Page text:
There are different types of incontinence and each one has different treatment options.
Stress incontinence - happens if you have urine leakage during everyday activities like sneezing, coughing, laughing or lifting heavy objects. It can come from weakened pelvic muscles that support the bladder. It’s the most common cause of leakage and happens in women who are pregnant, who’ve recently had children or who are going through menopause or hormonal changes, among other causes.
Urge incontinence - occurs when bladder muscles become too active and you feel a strong, sudden urge to urinate, even if your bladder has little urine. While more likely to happen in older women, this problem can occur at any age.
Overactive Bladder (OAB) - is a form of urinary incontinence where symptoms such as a frequent, often sudden and urgent need to urinate (urgency) may be accompanied by loss of urine. Feelings of urgency (you must go immediately) and the need to empty your bladder even though you may have just urinated, are symptoms of OAB.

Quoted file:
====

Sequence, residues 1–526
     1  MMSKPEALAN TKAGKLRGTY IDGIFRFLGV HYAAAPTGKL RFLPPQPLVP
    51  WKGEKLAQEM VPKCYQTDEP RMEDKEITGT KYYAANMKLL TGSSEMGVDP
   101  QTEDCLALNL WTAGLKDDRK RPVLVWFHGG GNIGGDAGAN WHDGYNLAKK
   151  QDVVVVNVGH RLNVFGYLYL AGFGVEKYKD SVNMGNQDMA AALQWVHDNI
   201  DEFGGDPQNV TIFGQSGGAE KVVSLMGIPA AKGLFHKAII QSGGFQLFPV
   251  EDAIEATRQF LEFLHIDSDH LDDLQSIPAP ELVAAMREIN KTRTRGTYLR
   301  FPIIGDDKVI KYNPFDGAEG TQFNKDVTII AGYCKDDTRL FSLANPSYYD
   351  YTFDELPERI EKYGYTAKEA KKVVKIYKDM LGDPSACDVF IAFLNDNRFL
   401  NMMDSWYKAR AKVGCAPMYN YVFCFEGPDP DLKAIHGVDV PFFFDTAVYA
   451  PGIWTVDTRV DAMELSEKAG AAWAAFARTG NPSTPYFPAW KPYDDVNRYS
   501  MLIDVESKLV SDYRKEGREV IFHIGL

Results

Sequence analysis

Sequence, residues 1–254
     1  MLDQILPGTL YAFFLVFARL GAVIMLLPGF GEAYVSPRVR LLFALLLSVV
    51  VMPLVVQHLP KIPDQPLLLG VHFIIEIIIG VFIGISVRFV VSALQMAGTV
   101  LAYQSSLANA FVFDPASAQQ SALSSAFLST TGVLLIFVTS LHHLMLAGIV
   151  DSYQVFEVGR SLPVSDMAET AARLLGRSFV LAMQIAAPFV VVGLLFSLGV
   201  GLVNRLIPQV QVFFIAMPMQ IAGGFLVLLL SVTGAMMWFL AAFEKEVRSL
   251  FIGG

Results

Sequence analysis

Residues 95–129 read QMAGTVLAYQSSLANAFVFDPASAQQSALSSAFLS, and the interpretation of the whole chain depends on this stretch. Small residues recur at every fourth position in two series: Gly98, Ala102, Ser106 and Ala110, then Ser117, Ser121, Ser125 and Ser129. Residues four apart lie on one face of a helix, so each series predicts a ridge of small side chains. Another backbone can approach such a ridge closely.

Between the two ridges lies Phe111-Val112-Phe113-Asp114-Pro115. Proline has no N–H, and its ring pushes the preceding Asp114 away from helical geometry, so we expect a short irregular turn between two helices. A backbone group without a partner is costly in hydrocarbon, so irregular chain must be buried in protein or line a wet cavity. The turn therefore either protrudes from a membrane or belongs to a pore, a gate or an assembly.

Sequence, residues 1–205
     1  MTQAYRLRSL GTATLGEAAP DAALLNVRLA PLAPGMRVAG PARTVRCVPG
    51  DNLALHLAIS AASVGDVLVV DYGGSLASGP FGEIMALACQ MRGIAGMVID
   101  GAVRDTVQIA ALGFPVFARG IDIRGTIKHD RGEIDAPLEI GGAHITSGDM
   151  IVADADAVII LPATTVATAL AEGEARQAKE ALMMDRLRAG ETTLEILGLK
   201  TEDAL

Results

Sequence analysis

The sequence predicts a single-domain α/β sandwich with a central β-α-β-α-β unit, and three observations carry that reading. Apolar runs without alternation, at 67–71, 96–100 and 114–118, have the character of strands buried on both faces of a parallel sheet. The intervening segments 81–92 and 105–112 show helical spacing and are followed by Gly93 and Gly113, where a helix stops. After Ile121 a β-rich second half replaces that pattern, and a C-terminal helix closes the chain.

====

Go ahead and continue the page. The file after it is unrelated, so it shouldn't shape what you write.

The nerves that signal the feeling of urgency are sending abnormal messages to the bladder. The overactive bladder may spasm even when it contains a small amount of urine. Some foods are known bladder irritants and eating them may cause a need to urinate frequently. Urinary tract infections and some medications also can make you go to the bathroom more often. These symptoms can affect anyone at any age; they affect over 34 million people in the US.
Overflow incontinence - the bladder does not empty properly and urine dribbles out.
Mixed Urinary incontinence - a combination of stress and urge incontinence.
Functional incontinence - occurs in older women and it is not caused by urinary tract problems. Rather, it’s due to factors that make it hard for you to get to the bathroom in time – insufficient mobility, impaired dexterity or strange surroundings.
Other forms of incontinence may result from new medications or surgeries, faulty signals from the nervous system, or specific medical conditions. No matter what the cause, though, it’s important to let your health care provider know you are having symptoms early. Bladder control problems can be treated and managed successfully.
Diagnosis of Incontinence
Identifying the type of incontinence assists your provider in determining the right treatment option. A detailed medical history and a gynecologic exam and urine testing will determine if there is a anatomic condition or urinary tract infection causing incontinence. Additional testing including ultrasound and bladder pressure measurement, called cystometrogram, may be necessary. You may be asked to keep a food and voiding log to help narrow down additional triggers of incontinence.